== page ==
It is a favourite genre of mine. Gemini Man raises issues about human cloning and using a person’s DNA without their consent. It also touches on whether we could replace the military with genetically modified soldiers, created in laboratories, which sounds perfect in theory but the real question is, should we be playing God?
True, but in Gemini Man the effects are staggeringly realistic. This isn’t me with my wrinkles airbrushed. It’s a fully digital creation. Weta Digital in New Zealand [Peter Jackson’s visual effects company] really pushed the envelope. High-resolution camerawork means you see every pore, sinew and blood vessel of this younger, computer-generated me. In the past, we would have had my son play the role in different hair and make-up and called him a clone. In Gemini Man it’s all down to powerful calculations.
I wore a motion-capture suit. Sensors attached to my face and body captured my movements, micro-expressions, even the dilation of my blood vessels. This information was then fed into computers that used software to create my younger double. A 23-year-old Will Smith. This film is a revolution in technology. The teams at Weta studied the morphology of ageing and looked at human anatomy, from how facial muscles interact right down to microscopic level.
I don’t think so. When Ang Lee digitizes my face, expressions, emotions or postures, I’m still the template. We keep hearing how virtual actors will be the death of flesh and blood actors, but I don’t think there’s any cause for concern. Remember, movies are meant to push the limits of our imagination, not hold it back.
Some actors feel vulnerable or insecure when fans come up to them. Not me. I love getting recognised. Sometimes it can even get you out of trouble!
Like the time I had no money for gas. Usually a guy comes over to my house to wash my car and fill up the tank. This one time he couldn’t make it, I drove over to the gas station myself. When I got there, I realised I’d left my wallet at home. I looked around and saw a guy in the car behind who looked like he was maybe 38, 40 years old. I knew he had to be a Fresh Prince fan, so I asked the dude if he could help me out with $10. And he said sure, if he could get a picture. He was a great guy. I mean, he could have asked for my Rolex in exchange!
After my father left the Air Force, he became a refrigeration engineer. When I wasn’t in school, he’d make me go on jobs with him. I can see myself, maybe 5 or 6 years old, in a supermarket basement helping him install industrial freezers. Our hands were numb from the cold, but these are moments I’ll never forget. Afterwards, he used to make me hot chocolate and give me a couple of dollars, which I put in my money box. I was saving up to buy a watch I’d seen. It was a Timex with a liquid crystal screen that lit up to show the time. So I actually bought my first watch with money I’d earned. Having a father who’s a refrigeration engineer helps you keep a cool head! You know, you can be king of the world one day, and the next day find yourself in the gutter with nothing but regrets and empty pockets. Believe me, I know what I’m talking about!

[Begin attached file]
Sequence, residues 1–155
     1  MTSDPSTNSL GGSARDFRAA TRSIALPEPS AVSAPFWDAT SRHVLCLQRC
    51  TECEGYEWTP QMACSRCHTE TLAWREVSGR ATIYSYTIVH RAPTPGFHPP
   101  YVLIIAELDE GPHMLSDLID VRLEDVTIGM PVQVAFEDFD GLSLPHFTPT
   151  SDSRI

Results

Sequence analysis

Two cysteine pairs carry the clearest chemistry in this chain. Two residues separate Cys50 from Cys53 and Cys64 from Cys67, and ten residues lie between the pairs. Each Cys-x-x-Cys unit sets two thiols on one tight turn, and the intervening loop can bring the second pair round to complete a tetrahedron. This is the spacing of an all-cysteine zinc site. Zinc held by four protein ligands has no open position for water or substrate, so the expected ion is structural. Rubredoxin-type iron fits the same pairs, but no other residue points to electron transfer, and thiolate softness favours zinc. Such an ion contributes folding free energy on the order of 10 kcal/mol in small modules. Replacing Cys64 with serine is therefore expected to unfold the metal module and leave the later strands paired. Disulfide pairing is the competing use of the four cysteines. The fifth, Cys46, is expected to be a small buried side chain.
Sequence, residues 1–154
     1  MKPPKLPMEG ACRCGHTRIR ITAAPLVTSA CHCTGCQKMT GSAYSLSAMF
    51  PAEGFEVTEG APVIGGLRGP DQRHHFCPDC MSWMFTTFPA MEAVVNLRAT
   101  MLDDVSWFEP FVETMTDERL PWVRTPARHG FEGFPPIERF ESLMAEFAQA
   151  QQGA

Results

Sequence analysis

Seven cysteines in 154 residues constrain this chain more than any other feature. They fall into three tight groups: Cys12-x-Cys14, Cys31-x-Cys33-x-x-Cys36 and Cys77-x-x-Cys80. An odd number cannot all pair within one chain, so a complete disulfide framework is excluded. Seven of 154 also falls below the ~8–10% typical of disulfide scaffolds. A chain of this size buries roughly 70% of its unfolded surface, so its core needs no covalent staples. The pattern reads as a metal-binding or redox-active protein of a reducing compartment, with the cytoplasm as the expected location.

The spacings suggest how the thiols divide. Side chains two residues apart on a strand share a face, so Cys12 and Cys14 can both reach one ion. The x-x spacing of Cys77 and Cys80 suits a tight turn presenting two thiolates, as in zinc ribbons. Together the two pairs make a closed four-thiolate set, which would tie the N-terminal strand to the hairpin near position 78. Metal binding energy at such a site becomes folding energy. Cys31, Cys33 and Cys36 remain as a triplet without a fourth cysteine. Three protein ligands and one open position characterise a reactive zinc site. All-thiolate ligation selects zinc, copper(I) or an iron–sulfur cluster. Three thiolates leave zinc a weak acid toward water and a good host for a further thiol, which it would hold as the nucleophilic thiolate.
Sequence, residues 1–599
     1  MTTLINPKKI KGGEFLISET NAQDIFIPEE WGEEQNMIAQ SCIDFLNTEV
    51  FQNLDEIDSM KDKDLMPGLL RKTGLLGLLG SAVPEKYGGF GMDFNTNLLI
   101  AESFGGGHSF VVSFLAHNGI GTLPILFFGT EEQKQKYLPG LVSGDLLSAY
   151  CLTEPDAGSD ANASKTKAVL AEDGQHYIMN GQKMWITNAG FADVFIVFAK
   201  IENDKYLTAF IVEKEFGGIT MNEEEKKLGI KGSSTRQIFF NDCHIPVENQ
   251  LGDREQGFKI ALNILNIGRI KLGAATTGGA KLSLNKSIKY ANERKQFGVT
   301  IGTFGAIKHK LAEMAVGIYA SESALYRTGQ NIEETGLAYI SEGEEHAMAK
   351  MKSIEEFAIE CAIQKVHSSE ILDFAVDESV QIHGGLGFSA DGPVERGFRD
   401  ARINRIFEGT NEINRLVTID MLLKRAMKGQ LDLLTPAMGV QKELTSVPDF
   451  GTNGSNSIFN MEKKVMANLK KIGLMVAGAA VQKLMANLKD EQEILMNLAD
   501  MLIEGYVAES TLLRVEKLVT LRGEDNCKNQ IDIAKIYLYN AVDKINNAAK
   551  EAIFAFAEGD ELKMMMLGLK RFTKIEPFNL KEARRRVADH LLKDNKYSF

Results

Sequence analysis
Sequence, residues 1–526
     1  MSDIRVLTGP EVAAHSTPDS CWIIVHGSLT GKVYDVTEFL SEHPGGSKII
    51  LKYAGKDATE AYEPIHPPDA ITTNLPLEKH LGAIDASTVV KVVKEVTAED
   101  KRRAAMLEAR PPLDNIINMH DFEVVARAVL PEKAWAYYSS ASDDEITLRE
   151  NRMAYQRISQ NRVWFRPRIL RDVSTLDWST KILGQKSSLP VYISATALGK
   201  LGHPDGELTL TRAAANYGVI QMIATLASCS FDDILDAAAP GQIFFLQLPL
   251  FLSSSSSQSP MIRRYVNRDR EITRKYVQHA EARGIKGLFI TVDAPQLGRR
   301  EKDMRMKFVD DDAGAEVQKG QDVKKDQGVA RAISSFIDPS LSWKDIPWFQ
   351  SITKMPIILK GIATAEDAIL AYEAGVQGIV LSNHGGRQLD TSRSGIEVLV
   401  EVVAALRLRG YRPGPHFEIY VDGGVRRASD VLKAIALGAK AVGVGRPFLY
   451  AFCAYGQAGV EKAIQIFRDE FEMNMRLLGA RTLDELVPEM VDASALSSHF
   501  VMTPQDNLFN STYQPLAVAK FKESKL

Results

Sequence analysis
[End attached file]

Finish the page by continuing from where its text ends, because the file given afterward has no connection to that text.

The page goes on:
Yeah. I was 18 in 1986 and already had a million dollars in the bank. Selling 600,000 CDs earns you a lot of dough! Except I blew the whole lot. I owned a mansion, a dozen motorcycles, designer clothes. I had a satellite dish the size of a bus in my garden. I had six cars… and not a dollar to pay for gas. My father used to say, “Son, what’s the point of having six cars when you only have one behind to put on a seat?” How do you answer that? Same for the twenty or so luxury watches I owned. Why so many watches when you only have two wrists, he’d ask. My father was always telling me, “You must learn from your failures. They help you to grow.” In his mind, the only real failure was not to try. Not to take risks. I quit school to start rapping. It almost killed my mother that I turned down a chance to go to college. My work as an artist became the only opportunity I had to get an education. Throw in some major financial problems, and you soon learn to stay humble.
I’m not loyal to any one brand. The first thing I look at when choosing a watch is the design, not the price. I’ve worn a Victorinox Swiss Army watch and a steel Hamilton Ventura with a black leather lizard pattern strap on screen and around town. In a different register, I own an Audemars Piguet and an 18k gold Rolex Sky-Dweller. I also have a TAG Heuer Monaco and a Ulysse Nardin, a brand I only recently discovered.
I’d use it to convince movie critics I’m the best actor in the world and deserve an Oscar. I’d press the pusher and no more bad reviews! [laughs]